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HomeUncategorizedLLMs Aren't "Trained on the Internet" Anymore

LLMs Aren’t “Trained on the Internet” Anymore

A path to continued model improvement.

I often see a misconception when people try to reason about the capability of LLMs, and in particular how much future improvement to expect.

It’s frequently said that that LLMs are “trained on the internet,” and so they’ll always be bad at producing content that is rare on the web. A recent example from Hacker News:

LLMs are mostly trained on Internet posts, so they are Internet simulators.

Wikipedia also frames LLM training this way:

LLMs are trained on increasingly large corpora of text largely scraped from the web.

Even former Apple SVP of Engineering – and famously sharp computer scientist – Bertrand Serlet explains them thus, in his recent video Why AI Works:

[An LLM has] been trained on the entire internet, so it has packed all this knowledge that’s in the internet, but also all the reasoning patterns that can be found [there.]

Admittedly, this used to be true! And is still mostly true. But it’s increasingly becoming less true.

Because it’s becoming less true, the idea of an “internet simulator” is not a useful way to predict how GPT-5 and beyond will work. New models are already exceeding this definition, and the shift is only beginning.

The Data Wall

Way back in 2020, OpenAI’s GPT-3 paper described their training dataset in some detail. GPT-3 was, basically, trained on the internet.

An artifact from a bygone era, when frontier AI was open.

By 2022, LLMs were being trained to follow instructions using custom human feedback. Since then, frontier model labs like OpenAI have gotten very cagey about what they’re adding to their training datasets. We don’t know what GPT-4o was trained on, let alone Sora or GPT-5.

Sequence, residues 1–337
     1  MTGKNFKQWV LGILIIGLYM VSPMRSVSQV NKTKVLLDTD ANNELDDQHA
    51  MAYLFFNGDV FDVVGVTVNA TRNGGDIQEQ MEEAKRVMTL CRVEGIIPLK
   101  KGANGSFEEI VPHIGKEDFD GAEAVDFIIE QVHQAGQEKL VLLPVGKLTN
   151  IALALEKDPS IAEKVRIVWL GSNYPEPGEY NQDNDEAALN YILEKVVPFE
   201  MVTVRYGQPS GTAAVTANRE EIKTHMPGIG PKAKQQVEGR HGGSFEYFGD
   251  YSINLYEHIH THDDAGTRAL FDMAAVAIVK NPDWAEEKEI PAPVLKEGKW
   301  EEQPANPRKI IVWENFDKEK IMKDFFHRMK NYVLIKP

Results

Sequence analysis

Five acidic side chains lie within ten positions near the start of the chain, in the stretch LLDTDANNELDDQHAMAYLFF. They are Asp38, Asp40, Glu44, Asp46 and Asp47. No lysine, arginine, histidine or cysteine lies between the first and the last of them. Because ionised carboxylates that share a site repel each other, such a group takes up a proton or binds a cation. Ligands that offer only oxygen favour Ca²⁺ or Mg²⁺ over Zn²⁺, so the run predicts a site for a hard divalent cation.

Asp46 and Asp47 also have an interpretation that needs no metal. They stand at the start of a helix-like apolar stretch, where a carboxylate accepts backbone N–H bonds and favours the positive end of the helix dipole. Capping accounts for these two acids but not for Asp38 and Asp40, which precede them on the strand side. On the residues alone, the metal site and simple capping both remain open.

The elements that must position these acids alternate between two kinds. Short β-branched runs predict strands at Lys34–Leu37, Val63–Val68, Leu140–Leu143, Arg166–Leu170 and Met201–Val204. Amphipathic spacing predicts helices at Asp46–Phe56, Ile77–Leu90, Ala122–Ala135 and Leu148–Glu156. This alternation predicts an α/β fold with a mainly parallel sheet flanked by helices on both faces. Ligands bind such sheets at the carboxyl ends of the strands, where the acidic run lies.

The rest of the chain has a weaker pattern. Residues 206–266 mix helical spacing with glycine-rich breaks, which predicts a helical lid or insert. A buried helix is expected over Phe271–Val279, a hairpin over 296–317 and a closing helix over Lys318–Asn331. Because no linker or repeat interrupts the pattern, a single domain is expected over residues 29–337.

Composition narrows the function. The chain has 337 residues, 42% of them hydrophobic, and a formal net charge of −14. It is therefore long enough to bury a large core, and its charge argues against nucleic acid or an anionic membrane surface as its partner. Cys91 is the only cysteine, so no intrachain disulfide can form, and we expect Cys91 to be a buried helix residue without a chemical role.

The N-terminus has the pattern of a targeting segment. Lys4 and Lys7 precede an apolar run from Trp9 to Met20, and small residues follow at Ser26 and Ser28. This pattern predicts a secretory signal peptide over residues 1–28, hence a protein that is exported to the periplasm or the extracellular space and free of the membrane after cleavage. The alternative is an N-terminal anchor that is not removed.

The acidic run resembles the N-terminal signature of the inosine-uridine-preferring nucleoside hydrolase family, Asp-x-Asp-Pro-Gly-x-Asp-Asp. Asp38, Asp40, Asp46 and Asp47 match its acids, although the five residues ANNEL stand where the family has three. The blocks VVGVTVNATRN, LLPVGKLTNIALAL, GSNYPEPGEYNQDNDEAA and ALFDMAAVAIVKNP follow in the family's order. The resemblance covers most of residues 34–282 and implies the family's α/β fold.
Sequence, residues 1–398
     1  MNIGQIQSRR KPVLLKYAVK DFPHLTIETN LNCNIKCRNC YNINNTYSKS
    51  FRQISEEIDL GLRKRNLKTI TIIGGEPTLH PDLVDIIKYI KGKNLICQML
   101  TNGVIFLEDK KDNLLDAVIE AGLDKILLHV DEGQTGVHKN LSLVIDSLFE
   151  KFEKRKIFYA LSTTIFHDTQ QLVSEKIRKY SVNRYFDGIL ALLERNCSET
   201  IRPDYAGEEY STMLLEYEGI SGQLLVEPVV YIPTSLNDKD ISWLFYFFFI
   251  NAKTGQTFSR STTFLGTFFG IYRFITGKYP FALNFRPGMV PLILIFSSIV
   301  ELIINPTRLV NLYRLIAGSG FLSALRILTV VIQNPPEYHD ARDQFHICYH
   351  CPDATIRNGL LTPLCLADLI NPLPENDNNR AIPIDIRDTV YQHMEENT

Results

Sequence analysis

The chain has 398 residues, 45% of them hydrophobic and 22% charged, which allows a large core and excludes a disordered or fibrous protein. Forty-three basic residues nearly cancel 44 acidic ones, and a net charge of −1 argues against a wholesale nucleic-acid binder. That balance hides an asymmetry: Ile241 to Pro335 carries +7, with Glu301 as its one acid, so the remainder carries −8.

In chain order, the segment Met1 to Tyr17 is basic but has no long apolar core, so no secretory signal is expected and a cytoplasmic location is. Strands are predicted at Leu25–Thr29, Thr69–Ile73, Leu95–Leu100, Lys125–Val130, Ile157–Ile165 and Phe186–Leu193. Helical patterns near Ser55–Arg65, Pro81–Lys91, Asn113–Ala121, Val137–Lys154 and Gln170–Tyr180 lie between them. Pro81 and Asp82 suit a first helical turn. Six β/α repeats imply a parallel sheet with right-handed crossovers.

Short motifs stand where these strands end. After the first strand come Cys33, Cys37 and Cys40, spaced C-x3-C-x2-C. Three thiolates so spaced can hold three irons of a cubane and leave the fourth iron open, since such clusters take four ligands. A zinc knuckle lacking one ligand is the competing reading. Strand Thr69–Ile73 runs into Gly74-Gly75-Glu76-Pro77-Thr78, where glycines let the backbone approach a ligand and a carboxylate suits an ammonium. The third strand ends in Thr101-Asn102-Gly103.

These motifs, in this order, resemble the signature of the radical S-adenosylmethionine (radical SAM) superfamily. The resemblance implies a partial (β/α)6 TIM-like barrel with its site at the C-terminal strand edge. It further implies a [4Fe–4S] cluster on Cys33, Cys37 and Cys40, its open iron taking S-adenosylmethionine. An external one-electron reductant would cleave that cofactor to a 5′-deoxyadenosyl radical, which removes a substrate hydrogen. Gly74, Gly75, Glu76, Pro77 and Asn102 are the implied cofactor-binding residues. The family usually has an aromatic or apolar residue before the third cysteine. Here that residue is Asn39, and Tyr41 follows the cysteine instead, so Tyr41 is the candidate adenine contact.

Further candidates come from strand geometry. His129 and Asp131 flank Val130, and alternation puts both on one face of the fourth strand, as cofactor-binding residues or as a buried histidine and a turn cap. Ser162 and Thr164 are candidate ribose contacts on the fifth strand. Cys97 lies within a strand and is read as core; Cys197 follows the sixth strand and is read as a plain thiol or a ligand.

But we do know it’s not just the internet.

Recently, LLM trainers have hit a “data wall”. More data generally improves model training, but OpenAI already has roughly all the data on the web – even inconvenient-to-access data like Youtube video transcriptions. So other than training ever-larger models on the same internet data, how can they make better LLMs?

The answer, for labs with money, is acquiring and creating non-public data. At first, their focus was making existing training data more useful, or adding existing non-public data to the training pool. For example:

  1. Annotation and filtering: Researchers have been creating annotations for their training data for years. Good annotations let them focus LLM training on the highest value data, which allows for better (or smaller) models.
  2. RLHF: Labs also have humans rate model outputs. They use this data to fine-tune the models, and encourage useful behaviours like instruction-following and refusing to say naughty things.
  3. Usage data: ChatGPT is said to generate on the order of 10 billion tokens of data per day – even before they opened their more compelling GPT-4o model to free users.
  4. Data acquisition: While a lot of humanity’s data is on the internet, much of it is not. Emails, chat logs, proprietary manuals and procedures, JIRA tickets, phone recordings, internal reports, and contracts are all useful data. While examples exist on the internet, model trainers can cut deals to add more of these to their training data.

So that’s all helpful.

But none of these techniques are a complete solution to a famous weakness of current models: the “LLMs suck at producing outputs that don’t look like existing data” problem.

Here are some of the many things that LLMs are bad at doing, in part because there isn’t a lot of text online that demonstrates them: